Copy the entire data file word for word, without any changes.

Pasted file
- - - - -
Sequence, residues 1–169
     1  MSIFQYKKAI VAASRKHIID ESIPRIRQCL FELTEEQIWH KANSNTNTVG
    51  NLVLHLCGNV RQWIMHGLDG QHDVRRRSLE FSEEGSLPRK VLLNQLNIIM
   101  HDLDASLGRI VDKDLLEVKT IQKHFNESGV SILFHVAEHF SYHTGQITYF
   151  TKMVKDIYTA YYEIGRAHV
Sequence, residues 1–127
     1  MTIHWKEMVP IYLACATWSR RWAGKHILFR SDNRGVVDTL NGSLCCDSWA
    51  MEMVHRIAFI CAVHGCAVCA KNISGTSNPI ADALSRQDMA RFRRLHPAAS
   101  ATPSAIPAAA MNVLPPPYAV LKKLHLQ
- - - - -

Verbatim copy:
Sequence, residues 1–169
     1  MSIFQYKKAI VAASRKHIID ESIPRIRQCL FELTEEQIWH KANSNTNTVG
    51  NLVLHLCGNV RQWIMHGLDG QHDVRRRSLE FSEEGSLPRK VLLNQLNIIM
   101  HDLDASLGRI VDKDLLEVKT IQKHFNESGV SILFHVAEHF SYHTGQITYF
   151  TKMVKDIYTA YYEIGRAHV
Sequence, residues 1–127
     1  MTIHWKEMVP IYLACATWSR RWAGKHILFR SDNRGVVDTL NGSLCCDSWA
    51  MEMVHRIAFI CAVHGCAVCA KNISGTSNPI ADALSRQDMA RFRRLHPAAS
   101  ATPSAIPAAA MNVLPPPYAV LKKLHLQ